Ted Matkom (left), a representative from developer Gorman and Company, presents a new concept to the city’s common council Nov. 28. This new proposal removes the 5,000 square-foot daycare option from the proposal due to traffic concerns and instead adds “incubator space” as a community amenity.(Photo: Erik S. Hanley/Now News Group)
ST. FRANCIS - Small business owners and those who need office space periodically may have a new, never-before-seen option coming to the city.
Gorman and Company recently expressed interest in developing the former St. Francis City Hall site, 4235 S. Nicholson Ave., with retail and multifamily. After getting input from the plan commission and residents, developers are changing their approach slightly.
Ted Matkom, a representative from Gorman and Company, presented the new concept to the city’s common council Nov. 28, which included what he called an "incubator space."
The new proposal removes the 5,000-square-foot daycare option because of traffic concerns and replaces it with 1,500 square feet of office space that could be reserved for blocks of time by residents — possibly for free or a nominal fee.
The reservations would likely be in hourlong blocks. Once office space is reserved, it could be accessed with a fob and/or a special code given when the registration is completed online. The offices would include internet as well as some basic office furniture, Matkom said.
“There’s an entrepreneurial seed in St. Francis,” he said. “We don’t have anything like this on any other project.”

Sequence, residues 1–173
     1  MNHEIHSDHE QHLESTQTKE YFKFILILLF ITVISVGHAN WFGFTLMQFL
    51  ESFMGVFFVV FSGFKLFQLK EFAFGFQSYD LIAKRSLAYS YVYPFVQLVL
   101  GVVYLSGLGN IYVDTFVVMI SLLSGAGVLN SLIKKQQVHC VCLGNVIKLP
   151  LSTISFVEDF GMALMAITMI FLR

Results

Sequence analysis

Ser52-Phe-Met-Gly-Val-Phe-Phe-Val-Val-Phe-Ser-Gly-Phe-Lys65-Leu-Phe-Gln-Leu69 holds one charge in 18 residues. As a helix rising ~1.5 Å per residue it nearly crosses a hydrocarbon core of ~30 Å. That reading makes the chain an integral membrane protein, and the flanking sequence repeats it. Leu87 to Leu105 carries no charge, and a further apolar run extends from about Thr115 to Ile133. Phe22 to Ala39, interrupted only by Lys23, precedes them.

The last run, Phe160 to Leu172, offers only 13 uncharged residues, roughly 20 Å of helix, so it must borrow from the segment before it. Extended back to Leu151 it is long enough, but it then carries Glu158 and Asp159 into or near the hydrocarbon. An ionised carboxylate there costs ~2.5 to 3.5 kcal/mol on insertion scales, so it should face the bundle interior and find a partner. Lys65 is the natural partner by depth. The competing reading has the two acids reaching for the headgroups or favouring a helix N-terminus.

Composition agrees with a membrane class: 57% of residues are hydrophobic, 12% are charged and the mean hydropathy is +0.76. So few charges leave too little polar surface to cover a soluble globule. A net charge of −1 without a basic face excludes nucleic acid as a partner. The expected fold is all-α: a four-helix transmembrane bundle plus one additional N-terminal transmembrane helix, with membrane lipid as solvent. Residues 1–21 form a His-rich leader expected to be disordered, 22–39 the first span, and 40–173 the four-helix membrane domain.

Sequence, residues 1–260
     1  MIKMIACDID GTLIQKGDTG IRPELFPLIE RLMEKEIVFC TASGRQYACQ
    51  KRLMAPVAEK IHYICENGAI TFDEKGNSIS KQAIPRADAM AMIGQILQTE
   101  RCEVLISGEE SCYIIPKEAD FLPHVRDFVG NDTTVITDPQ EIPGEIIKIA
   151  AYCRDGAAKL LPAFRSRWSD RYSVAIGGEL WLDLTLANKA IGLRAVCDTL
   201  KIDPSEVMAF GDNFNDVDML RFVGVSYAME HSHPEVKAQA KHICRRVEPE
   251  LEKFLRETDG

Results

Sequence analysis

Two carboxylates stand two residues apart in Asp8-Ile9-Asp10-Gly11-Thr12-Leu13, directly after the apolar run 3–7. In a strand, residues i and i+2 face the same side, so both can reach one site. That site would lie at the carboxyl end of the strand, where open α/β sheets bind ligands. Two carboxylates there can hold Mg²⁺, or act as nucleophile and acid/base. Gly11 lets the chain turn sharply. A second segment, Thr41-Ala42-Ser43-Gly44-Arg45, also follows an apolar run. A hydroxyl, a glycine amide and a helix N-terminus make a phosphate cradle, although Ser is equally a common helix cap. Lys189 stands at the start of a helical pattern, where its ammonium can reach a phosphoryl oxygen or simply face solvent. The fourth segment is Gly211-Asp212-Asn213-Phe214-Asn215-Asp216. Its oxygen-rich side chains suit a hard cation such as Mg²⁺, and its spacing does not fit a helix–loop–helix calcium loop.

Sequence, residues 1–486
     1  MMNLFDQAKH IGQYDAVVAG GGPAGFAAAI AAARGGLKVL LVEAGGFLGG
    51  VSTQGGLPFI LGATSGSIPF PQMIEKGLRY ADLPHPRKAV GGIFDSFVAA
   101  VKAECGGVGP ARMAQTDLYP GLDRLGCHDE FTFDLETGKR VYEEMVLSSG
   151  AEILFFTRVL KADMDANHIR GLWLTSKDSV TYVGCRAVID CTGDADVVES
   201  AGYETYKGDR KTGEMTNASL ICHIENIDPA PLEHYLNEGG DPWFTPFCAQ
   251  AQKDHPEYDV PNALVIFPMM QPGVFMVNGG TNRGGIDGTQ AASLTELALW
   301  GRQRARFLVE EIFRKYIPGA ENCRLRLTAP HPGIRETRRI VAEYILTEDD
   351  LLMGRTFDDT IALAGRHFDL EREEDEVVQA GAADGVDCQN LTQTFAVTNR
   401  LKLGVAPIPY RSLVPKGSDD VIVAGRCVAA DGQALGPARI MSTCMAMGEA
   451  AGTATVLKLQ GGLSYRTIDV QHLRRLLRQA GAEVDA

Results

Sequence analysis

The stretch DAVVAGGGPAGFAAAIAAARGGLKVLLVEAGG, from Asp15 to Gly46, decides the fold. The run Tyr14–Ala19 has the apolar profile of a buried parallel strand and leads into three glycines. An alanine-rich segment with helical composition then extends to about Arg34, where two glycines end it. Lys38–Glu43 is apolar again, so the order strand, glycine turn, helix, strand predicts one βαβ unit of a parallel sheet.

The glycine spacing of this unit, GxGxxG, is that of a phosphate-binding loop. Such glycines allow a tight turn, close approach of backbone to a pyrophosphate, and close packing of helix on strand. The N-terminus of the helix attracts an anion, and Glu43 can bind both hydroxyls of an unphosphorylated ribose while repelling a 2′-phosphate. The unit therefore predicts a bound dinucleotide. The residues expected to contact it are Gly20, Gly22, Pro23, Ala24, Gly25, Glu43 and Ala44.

Gorman and Company has built what it calls “live and work” units in the past in which a 200-square-foot portion of an apartment is set aside in the front for a small in-home business. A sign for the business is placed on the building above each door.
“The city had a little issue with the live and work concept,” Matkom said, which led to the development of this new concept.
The development itself, set to be called Nicholson Station, retains the 48 units that some took issue with at a previous plan commission meeting. Matkom said the building would look the same whether there were 48 units or fewer.
The council approved the initial planned unit development and zoning on a 4-3 vote. The approval commits the city to the 48 units. Mayor CoryAnn St. Marie-Carls broke the 3-3 deadlock with a vote in favor. Aldermen Ray Klug, Michael Sweeney, and Donald Bricker voted against.
After a closed session discussion, and contingent on Milwaukee County providing $500,000 in community development block grant funding, the council also agreed, 4-2 with Klug and Brickner against, to provide a $500,000 tax incremental financing grant for the development. In addition, the city will sell the land for $1, according to City Administrator Mark Johnsrud.
TIF districts reallocate funding from property taxes to encourage development and other investment within the district.
“In return, the development will guarantee $2.1 million of tax increment supported by WHEDA 9-percent tax credits,” Johnsrud said, adding the development must include the underground parking element as well as on-site underground stormwater management.
Resident Rick Grubanowitch expressed concern about the city moving quickly to accommodate the developer's Dec. 8 deadline to apply to the Wisconsin Housing and Economic Development Authority (WHEDA) allowing for discounted rental rates. If the deadline is met, approval from WHEDA could come in March 2018.
“Why do we have to settle for fast-tracking another project?” Grubanowitch asked.
Grubanowitch also said the development's parking is not enough. Currently, the underground and surface lots add up to 1.89 spaces per unit.
If all approvals come through on the current schedule, the development will be finished in December 2019. It's expected the project would generate about $75,000 in taxes per year.